Aspen Marketing -- Misuse of Outcome Studies
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Aspen, to its great credit, commissioned an extensive outcome study blanketing its schools, excluding its wilderness programs. A problem arises when the study is used to convince others of the effectiveness of one school or treatment center, ignoring the fact that the results of many schools have been lumped together.

Ellen Behrens, Ph.D. conducted the study.   Dr.  Behrens is well known to us at FamilyLight sm.  We have utmost confidence in her competence and integrity.  To all appearances the study was intended to address and counteract the impact of prior research that indicated that residential treatment is no more effective than outpatient treatment.  Apparently a parallel design was used so the comparison to the earlier research would be "apples to apples" and  “oranges to oranges” and not “apples to oranges.” 

If the purpose had been to best document long term effectiveness of the schools and treatment centers at issue, we can think of various designs that would have yielded higher powered results. But that is not a criticism.  The purpose appeared to be to provide a strong basis for comparison to the earlier research, a purpose well served with the design followed and, we believe, the study itself served that purpose extremely well.  So far, kudos to Aspen and to Dr. Behrens.

Our problem is not with the study itself or with the result for the purpose intended. So far we agree.   Our problem is with the uses to which Aspen’s marketing effort has applied the results of the study.  In general, Aspen has used the results of the study to lead readers to believe that the study proves effectiveness of individual schools that participated in the study. This is simply not what the study is about.

Aspen might make the argument that the programs are similar enough that it is a fair conclusion to draw.   Ok, that seems to us to be a bit of a stretch but we would also know how to defend that – if the programs really are similar.  The problem is, they are not.  The programs ranged from recently defunct Mt. Bachelor Academy, an “emotional growth school” to the clinically intensive Youth Care.  At Mt. Bachelor Academy, the school took pride in their history of emphasizing an “emotional growth” curriculum as opposed to primary use of credentialed therapists to effect change, as opposed to Youth Care which is hospital-like in its clinical intensity and its emphasis on psychiatry.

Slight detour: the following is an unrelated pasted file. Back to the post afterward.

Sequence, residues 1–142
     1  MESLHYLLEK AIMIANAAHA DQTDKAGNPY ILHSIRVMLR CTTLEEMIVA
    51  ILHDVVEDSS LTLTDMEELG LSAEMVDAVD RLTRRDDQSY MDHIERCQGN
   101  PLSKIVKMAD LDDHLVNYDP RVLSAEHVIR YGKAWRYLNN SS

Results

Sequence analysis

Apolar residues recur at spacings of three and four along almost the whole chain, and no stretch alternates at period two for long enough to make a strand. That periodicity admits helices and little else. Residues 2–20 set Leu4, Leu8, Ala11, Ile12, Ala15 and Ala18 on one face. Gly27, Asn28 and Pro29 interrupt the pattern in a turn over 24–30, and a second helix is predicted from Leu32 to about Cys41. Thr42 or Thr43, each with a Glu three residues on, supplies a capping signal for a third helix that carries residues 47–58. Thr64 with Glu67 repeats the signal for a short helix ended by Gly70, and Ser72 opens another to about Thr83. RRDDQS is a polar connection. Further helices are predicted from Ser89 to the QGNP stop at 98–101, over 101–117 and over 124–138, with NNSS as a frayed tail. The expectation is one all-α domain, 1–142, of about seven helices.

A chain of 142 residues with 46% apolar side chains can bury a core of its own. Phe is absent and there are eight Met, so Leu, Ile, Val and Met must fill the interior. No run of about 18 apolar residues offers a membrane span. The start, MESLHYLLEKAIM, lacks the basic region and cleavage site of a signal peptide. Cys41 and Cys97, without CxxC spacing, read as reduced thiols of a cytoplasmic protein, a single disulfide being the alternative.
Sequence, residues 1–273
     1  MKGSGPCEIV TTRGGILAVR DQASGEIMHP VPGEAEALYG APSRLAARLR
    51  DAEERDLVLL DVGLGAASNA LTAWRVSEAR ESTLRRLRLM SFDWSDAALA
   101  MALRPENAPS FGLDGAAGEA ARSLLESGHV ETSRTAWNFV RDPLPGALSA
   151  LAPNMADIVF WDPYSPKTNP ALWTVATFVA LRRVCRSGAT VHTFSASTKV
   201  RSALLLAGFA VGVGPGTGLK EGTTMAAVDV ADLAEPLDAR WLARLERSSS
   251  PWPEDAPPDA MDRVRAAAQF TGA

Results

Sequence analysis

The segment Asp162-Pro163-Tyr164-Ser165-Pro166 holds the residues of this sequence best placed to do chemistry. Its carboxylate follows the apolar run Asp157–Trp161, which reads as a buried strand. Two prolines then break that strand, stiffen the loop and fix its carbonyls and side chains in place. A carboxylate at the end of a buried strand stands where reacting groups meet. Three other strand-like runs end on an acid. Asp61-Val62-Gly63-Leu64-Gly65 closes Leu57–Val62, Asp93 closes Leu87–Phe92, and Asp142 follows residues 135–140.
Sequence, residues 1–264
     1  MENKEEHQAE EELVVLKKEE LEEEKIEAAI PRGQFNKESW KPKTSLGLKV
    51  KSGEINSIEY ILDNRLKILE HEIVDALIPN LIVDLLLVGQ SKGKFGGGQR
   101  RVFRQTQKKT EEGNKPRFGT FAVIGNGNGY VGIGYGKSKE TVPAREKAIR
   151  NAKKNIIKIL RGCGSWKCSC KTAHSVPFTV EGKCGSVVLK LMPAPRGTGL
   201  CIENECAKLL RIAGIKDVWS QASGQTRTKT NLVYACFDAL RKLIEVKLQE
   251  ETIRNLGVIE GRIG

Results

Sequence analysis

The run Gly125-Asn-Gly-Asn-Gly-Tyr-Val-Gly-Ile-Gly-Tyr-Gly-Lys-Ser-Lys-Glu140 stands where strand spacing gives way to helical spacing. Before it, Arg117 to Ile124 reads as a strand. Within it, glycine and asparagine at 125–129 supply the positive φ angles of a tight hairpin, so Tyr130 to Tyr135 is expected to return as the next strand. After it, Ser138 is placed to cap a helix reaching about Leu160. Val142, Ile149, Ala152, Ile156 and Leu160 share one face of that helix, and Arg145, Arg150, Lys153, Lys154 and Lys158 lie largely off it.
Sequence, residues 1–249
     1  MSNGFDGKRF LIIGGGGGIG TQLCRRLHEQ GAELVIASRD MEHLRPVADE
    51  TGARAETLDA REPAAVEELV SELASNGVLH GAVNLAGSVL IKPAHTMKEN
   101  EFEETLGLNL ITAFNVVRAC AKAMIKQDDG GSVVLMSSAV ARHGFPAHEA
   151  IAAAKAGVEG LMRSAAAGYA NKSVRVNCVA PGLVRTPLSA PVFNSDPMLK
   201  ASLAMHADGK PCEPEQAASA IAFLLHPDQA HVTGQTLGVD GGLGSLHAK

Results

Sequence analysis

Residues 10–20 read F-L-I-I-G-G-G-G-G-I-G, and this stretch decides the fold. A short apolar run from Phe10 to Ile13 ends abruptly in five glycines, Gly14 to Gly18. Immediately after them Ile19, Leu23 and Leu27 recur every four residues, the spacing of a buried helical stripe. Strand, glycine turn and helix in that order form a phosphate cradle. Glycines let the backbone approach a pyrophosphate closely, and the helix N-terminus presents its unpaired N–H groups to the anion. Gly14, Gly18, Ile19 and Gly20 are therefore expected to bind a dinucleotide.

That is a general problem.  We are specifically disturbed by the use of the study on the website of Turn-About Ranch (as of March, 2010).  This is typically a 100 day program compared to all of the others which were intended to serve clients primarily (and in most cases only) in much longer term stays.  To suggest that this study addresses success specifically at Turn-About Ranch in any meaningful way is simply misleading.  That is the worst example.  But when we have heard the study described at conferences, the point was made with some emphasis that it does not document success in ANY specific treatment program.

Remember: The point of the study was to demonstrate that for certain populations in residential treatment in general – not enrollment in any particular school – had an impact greater than home based family treatment.  This was an “apples to apples” and "oranges to oranges" comparison to an earlier study suggesting that home based family treatment yielded superior outcomes to residential treatment. 

On that point, the results are legitimate and convincing.   There are very legitimate questions about whether the reporting methods of either the Aspen study or the study (ies) it was meant to refute produced reliable outcome data for any program or group of programs.  What it did reliably and factually was to negate the conclusion of the prior studies claiming that outpatient work produces better results than residential.